Content done right is something that users hardly notice because it seems to fit naturally and seamlessly into the experience. However, many teams underestimate the amount of content that they need to manage. This chapter will explore various types of content you may encounter.
Break down content types
From the product to communication around it, you'll encounter all types of content. Whether it's front- facing for the user, or backend for those with admin access, there are many different aspects regarding content to consider.
Interface copy is the text that appears on buttons, links, navigation, forms, and flows. This includes general UX writing, as well as microcopy. Interface copy also includes pop-up messages, warnings, alerts, notifications, error messages, transactional messages, un/subscribe confirmation messages, forms, and more. It can be tempting to be creative and clever with interface copy, but ultimately you need to make sure the user knows what's going on. Go for clear copy so the user always knows what to do next.
Release notes are often written by product managers when announcing new features. It's important to consider how the company talks about the product and the language they use. Some communication will be internal updates, while other times it will be published in the app store with new updates.
Marketing copy includes writing for promotional materials, newsletters, product descriptions, blog posts (which may also be considered editorial copy), social media, and press materials. It's important to consider the content from the user's point of view for each context. For instance, is it aimed at someone who is already a paying customer, or are you targeting a new potential user who isn't familiar with what you offer? It's also important to consider what aspects of marketing and promotion may be integrated within the product or user experience. There will also be other initiatives that are parts of larger campaigns, which may run across various channels and platforms, or integrate a hashtag.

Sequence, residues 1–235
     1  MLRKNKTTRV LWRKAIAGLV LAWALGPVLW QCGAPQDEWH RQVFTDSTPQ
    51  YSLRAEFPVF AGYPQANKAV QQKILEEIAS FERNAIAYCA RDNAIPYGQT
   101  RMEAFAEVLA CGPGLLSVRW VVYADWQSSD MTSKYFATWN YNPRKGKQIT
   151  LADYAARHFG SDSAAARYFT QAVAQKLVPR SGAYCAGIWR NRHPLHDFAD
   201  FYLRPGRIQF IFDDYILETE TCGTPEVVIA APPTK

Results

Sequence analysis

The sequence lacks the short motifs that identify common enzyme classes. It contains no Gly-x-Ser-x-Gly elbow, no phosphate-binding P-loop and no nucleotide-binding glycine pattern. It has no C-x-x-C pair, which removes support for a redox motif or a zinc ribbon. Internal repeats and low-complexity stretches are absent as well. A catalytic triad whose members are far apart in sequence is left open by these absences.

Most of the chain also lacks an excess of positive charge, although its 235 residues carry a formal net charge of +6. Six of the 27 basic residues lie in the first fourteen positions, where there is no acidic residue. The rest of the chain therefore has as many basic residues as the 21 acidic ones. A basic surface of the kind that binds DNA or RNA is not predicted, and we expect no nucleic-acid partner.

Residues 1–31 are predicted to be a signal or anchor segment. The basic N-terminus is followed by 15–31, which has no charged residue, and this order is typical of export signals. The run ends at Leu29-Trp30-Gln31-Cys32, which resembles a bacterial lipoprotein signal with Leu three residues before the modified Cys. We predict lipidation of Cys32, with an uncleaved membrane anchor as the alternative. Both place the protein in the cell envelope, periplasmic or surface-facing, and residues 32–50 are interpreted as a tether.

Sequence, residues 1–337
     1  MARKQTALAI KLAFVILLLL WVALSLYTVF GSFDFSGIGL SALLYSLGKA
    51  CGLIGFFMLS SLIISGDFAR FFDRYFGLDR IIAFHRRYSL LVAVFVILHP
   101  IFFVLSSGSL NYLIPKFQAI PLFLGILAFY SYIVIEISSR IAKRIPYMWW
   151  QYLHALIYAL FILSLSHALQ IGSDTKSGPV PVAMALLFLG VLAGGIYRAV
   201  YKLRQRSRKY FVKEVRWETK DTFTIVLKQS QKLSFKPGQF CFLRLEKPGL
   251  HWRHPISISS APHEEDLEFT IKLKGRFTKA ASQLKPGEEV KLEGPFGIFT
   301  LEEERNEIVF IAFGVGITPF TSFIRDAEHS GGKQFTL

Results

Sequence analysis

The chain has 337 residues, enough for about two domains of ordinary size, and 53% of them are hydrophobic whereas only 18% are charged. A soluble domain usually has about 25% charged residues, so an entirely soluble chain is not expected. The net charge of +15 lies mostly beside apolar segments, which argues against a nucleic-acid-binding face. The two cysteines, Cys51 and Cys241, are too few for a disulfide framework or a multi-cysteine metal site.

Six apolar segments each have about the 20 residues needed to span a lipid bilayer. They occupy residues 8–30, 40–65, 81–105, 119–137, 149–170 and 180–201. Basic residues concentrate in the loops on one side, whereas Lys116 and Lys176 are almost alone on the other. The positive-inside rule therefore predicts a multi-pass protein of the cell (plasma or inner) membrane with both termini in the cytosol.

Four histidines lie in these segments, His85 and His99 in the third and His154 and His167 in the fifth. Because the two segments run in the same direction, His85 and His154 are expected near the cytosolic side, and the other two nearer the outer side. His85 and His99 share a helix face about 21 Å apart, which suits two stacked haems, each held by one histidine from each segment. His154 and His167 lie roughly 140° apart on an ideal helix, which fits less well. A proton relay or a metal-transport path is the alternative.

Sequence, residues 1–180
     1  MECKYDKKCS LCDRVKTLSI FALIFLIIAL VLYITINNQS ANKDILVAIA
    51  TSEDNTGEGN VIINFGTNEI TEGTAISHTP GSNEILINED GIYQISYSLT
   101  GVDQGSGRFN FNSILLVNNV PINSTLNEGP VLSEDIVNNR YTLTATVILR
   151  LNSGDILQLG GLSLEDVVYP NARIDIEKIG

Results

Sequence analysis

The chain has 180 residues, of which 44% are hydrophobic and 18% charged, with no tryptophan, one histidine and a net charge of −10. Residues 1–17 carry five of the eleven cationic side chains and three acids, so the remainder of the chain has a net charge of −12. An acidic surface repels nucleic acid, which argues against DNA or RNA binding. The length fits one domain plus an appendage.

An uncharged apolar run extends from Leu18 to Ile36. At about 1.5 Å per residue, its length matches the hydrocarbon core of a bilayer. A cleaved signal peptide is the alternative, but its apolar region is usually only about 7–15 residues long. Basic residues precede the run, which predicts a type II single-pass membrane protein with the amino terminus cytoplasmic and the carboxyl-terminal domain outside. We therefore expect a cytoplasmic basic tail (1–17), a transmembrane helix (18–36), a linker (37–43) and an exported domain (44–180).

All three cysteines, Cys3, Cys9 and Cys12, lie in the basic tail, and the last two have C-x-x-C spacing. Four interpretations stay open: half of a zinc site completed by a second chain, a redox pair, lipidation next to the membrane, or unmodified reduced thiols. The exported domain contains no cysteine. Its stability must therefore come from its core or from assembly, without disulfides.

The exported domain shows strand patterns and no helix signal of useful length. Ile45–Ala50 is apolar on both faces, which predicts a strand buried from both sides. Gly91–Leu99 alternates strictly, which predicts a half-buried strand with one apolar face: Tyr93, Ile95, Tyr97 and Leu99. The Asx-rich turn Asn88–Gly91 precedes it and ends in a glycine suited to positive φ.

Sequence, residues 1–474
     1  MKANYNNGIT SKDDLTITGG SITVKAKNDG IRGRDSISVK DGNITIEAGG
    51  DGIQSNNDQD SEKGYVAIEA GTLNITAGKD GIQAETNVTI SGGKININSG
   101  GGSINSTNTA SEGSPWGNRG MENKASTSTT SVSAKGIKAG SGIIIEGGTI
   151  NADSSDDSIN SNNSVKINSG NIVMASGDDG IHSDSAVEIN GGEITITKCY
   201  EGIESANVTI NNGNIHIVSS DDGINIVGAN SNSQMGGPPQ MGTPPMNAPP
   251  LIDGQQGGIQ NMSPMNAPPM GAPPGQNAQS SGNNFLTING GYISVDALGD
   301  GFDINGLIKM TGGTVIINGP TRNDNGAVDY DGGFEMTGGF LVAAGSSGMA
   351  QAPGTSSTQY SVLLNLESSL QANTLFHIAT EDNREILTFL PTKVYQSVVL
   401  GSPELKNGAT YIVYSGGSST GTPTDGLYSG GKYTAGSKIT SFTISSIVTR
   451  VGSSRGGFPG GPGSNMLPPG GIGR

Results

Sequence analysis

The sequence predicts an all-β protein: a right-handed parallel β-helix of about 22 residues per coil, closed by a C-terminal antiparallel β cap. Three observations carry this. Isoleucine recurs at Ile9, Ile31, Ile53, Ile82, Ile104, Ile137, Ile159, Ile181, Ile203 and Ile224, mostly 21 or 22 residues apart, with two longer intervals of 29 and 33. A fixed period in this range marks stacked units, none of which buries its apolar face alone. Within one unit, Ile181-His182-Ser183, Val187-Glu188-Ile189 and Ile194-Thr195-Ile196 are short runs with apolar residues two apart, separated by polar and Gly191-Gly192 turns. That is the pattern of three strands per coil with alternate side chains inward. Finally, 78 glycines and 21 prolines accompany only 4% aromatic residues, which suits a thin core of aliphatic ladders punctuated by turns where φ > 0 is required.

User generated content refers to content produced by users. This may include reviews, comments, and testimonials. You also may want to consider recruiting top users to create content for the site, or republish an article they've written for their own blog. Building relationships with users can be very beneficial when you want to integrate user-generated content.
Curated content is when brands invite bloggers to curate articles and content to help engage their audience. By bringing in high profile names, the goal is to attract new users to the site as well. Name recognition gives the perception of legitimacy, which is particularly beneficial when a brand is just starting out.
Aggregated content is automatically pulled from other websites through methods such as RSS feeds. While it saves time and happens automatically, it lacks the personalization of other methods for creating content.
Licensed content is using content (articles, video, audio, etc.) from other sources such as Creative Commons. This still requires research on whether it's a good fit for your project, as well as any licensing limitations.
Support content is content that can be used by service teams to respond to requests, including content forms, canned responses (there's no need to start from scratch each time!), help center information, and technical documentation. While support and customer service teams aren't directly linked to UX, anyone who is in direct contact with users or customers will be highlight valuable to know, as they will be able to provide you insights into your audience you may not have considered. Support teams will likely have their own guidelines for how they respond to questions and frequently asked questions.